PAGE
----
Does Stress Make Dyslexia Symptoms Worse?
The short answer is yes. Stress is a chemical reaction that affects the body and the brain. Our bodies have an innate ability to react to stress. There are times when it can give us extraordinary strength in the face of a true physical threat. You've heard of a person being able to lift a car to free someone trapped underneath during times of extreme stress.
When we are faced with extreme stress, and there is no dragon to slay or car to be lifted, our brain gets flooded with the same types of chemicals, and things get out of balance. This can cause you to "freeze," either mentally or physically. So if a person with dyslexia has attempted and failed during similar situations over time, their body may sense the stress and send out warning signals telling them "that this task is way too difficult," causing them to retreat.
Research Study - Psychocognitive and Psychiatric Disorders Associated with Developmental Dyslexia: A Clinical and Scientific Issue
Research shows that dyslexia rarely presents without the presence of other learning disabilities or psychiatric disorders. Some examples of these include:
- Late language development
- Impaired motor development
- Increased rate of anxiety disorders
- Dyscalculia - Math learning disability
The study revealed inconclusive findings regarding depression in people with dyslexia. However, there was conclusive evidence of a persistent increase in the rate of dyslexia and anxiety disorders.
Tips for Managing Anxiety with Dyslexia
Many people with dyslexia can develop skills to help them overcome the learning difficulties associated with being dyslexic. Here are some tips for parents and teachers to help ease anxiety in kids, and they can also be used for managing adult anxiety as well:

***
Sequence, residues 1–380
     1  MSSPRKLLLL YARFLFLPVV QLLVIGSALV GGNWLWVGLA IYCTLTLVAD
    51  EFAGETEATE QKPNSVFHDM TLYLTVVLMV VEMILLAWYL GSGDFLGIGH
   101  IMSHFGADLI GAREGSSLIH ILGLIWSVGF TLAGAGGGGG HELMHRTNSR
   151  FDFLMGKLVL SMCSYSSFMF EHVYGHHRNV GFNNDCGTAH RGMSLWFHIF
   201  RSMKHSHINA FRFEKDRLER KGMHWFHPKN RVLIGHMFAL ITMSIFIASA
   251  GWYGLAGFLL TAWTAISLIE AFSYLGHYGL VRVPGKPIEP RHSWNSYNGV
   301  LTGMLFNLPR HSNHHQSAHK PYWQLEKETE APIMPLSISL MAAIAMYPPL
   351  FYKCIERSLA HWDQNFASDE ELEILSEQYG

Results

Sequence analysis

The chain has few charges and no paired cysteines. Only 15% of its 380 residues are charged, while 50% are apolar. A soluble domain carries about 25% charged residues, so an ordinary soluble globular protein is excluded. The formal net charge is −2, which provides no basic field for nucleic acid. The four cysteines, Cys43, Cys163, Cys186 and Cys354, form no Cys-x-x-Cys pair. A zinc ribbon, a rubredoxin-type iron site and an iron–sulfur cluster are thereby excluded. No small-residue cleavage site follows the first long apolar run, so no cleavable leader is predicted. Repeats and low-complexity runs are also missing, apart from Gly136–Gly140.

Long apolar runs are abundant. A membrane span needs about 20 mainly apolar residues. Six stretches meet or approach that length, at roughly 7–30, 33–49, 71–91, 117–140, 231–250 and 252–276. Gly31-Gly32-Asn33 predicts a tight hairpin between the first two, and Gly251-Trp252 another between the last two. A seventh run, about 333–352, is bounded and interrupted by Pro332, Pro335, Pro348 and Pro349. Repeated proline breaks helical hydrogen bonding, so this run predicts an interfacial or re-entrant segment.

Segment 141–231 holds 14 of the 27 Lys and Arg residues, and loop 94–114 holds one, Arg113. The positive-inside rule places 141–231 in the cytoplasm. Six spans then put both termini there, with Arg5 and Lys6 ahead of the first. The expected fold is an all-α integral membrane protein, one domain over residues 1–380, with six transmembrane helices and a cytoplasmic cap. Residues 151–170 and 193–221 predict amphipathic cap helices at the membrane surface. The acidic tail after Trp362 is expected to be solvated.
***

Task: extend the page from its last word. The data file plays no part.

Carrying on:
- Education - adults and children need to learn how dyslexia might affect their performance at school, work, or social settings.
- Preparation - people with dyslexia should look ahead and anticipate the problems they may encounter with new challenges.
- Self-awareness - learn the skills of honest self-assessment and the ability to learn from and correct errors.
- Strategize - learn strategies to maximize success and minimize frustration and failure.
- Exercise - engage in regular and vigorous exercise to reduce stress and improve brain power.
- Reduce the threat - recognize and deactivate stress triggers.
A Final Word
Whether you are an adult with dyslexia looking for ways to be less anxious or a parent looking for ways to understand and support your dyslexic child, there are many great resources for dyslexia education. The International Dyslexia Association offers a wealth of information on dyslexia in children, teens, and adults.
The key for both children and adults to overcome the anxiety associated with dyslexia is to learn to master their environment, whether it is school, home, or in a social setting. Gaining control through confidence is a sure way to control and eventually overcome dyslexia related anxiety.